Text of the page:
Manila, Sep 15 (efe-epa).- The assassination of Philippine journalist Jobert Bercasio on Monday night in the central city of Sorsogon marked the 17th killing of a scribe during the tenure of President Rodrigo Duterte.
Bercasio, who specialized in covering deforestation and illegal mining in the Bicol region, was shot four times by two motorcycle-borne assailants while he was riding his two-wheeler and died on the spot, according to a police report published by local media outlets.
“It is alarming that the worsening pandemic has failed to slow, much less stop, efforts to silence the media,” the National Union of Journalists of the Philippines said in a statement that attributed Bercasio’s killing to his journalistic work.
Bercasio had worked for national radio broadcaster DZMS and regional newspaper Bicol Today before launching his own program “Balangibog” via Facebook Live.
On his Facebook page, he had alleged an hour before his killing that trucks with fake license plates had been traveling from a quarry area in the city of Bulan.
The NUJP said Bercasio was “the 17th journalist killed under President Rodrigo Duterte, the 189th since 1986.”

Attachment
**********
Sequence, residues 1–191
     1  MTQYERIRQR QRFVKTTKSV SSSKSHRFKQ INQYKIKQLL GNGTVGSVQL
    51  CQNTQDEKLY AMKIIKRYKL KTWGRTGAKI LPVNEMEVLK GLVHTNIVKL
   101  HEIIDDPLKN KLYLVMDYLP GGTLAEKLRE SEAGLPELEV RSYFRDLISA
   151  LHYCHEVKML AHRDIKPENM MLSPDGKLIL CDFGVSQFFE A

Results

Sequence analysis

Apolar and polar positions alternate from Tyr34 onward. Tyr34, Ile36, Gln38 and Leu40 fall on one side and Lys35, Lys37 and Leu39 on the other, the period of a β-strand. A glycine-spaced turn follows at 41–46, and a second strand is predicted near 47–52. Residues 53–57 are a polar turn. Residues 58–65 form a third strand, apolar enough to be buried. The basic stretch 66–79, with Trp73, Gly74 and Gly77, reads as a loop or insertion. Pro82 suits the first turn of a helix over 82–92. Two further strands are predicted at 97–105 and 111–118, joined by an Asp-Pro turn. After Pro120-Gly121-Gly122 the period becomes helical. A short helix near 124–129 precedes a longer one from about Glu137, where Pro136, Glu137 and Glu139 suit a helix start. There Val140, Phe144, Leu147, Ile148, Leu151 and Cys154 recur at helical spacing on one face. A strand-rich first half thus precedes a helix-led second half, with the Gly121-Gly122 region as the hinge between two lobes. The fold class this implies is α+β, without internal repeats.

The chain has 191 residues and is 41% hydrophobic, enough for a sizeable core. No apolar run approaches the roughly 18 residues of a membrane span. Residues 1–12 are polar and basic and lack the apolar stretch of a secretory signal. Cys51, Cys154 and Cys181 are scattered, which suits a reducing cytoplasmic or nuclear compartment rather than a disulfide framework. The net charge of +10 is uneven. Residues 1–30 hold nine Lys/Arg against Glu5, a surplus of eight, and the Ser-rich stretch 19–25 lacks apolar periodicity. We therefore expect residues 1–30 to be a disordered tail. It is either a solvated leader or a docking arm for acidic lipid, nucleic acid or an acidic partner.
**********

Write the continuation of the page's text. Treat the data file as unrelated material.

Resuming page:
It is also the second killing of a journalist this year after the May 5 murder of Cornelio “Rex Cornelio” Pepino, who was shot dead on the same day that broadcaster ABS-CBN was shut down by the authorities.
“We again hail our colleagues in the community of independent Filipino journalists for refusing to be silenced despite the growing dangers. We are independent not because we are allowed to be but because we insist on being independent in the service of the people’s right to know,” said the union.
Nonprofit Reporters Without Borders (RSF), which has put the Philippines at the 136th place out of 180 countries in its World Press Freedom Index and marked it as the most dangerous country in the region for the profession, also denounced Bercasio’s assassination.
“Given the modus operandi, which is typical of the murders of journalists in the Philippines, everything indicates that those who gunned down Jobert Bercasio were acting on the orders of someone who was annoyed by his reporting,” said Daniel Bastard, the head of RSF’s Asia-Pacific desk.
Since Duterte came to power on June 30, 2016, the country had until last week witnessed 172 attacks on the press, including 16 assassinations, 33 acts of intimidation, 10 arrests, 12 violent assaults, and 17 libel lawsuits, according to a joint study by the NUJP and the Center for Media Freedom and Responsibility. EFE-EPA